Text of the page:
If the surface tension varies along an interface between two fluids, an imbalance of forces causes the Marangoni effect to occur. Surface tension depends on temperature and concentration of the surface, so changes or fluctuations in these two properties can cause a flow. This can occur when evaporation induces a flow inside of a droplet. In the case shown in the video, a soap film is stabilizing the surface tension of the bubble, which allows it to self-heal after the water drop passes through.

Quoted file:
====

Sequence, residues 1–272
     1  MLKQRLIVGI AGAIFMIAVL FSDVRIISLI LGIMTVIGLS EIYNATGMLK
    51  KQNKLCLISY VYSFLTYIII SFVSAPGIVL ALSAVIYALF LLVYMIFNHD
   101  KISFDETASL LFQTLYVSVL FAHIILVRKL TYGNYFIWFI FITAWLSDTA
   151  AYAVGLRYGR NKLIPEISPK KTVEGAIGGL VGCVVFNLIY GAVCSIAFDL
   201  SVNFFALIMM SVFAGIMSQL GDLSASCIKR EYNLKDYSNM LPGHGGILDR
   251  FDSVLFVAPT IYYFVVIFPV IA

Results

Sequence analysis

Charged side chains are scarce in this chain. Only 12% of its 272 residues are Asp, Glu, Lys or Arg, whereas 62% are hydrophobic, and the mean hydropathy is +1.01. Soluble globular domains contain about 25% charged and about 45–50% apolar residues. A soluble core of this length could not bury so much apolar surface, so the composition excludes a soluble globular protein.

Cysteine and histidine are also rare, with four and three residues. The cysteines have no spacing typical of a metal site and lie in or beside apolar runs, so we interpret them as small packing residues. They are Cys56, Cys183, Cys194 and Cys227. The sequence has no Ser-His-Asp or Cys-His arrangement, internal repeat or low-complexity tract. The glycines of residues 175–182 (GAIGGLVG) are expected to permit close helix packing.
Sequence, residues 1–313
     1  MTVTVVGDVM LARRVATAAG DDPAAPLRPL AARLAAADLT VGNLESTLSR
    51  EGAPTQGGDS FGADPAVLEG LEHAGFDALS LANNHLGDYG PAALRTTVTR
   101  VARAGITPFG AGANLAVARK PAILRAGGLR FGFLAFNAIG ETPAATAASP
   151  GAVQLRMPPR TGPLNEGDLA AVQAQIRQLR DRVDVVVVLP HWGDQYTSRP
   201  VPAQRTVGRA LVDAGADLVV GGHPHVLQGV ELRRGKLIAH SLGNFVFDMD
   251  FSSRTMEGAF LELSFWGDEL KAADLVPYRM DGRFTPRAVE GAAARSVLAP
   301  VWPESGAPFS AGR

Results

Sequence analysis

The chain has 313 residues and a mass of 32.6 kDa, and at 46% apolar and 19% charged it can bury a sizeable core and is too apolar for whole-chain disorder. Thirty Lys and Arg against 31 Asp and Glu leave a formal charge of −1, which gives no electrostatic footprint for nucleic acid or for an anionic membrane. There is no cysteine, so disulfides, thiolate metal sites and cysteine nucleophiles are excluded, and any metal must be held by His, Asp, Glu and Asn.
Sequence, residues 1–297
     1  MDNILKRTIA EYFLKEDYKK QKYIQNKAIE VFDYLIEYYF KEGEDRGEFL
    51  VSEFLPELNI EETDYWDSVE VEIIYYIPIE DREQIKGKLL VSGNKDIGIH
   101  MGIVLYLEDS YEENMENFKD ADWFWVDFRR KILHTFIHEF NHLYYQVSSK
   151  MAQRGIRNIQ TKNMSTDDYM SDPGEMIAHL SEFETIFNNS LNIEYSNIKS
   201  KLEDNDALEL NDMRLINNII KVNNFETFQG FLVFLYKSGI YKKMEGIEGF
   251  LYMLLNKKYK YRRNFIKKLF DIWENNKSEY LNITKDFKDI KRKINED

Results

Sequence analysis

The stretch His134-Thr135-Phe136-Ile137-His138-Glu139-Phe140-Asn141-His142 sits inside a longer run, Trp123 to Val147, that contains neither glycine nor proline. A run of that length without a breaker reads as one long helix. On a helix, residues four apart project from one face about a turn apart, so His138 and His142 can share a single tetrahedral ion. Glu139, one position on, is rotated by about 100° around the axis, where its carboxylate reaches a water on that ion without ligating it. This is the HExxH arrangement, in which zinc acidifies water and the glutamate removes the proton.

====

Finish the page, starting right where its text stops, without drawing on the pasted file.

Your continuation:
I enjoyed this particular example because of its sheer simplicity and captivating qualities, however, there is quite a bit of science and physics of what is going on within the soap-bubble and with surface tension. In this way the video is deceptive yet eye-catching. Surrounding the base of the bubble, ripples extend outward, exhibiting the appearance of buoyancy and is another great example of fluid flow dynamics and its associated properties.
This clip was shot by Gaven Mitchell, a student of Scientific Photography at RMT University, and Vision Research’s own Phil Taylor, an Application Engineer in Singapore.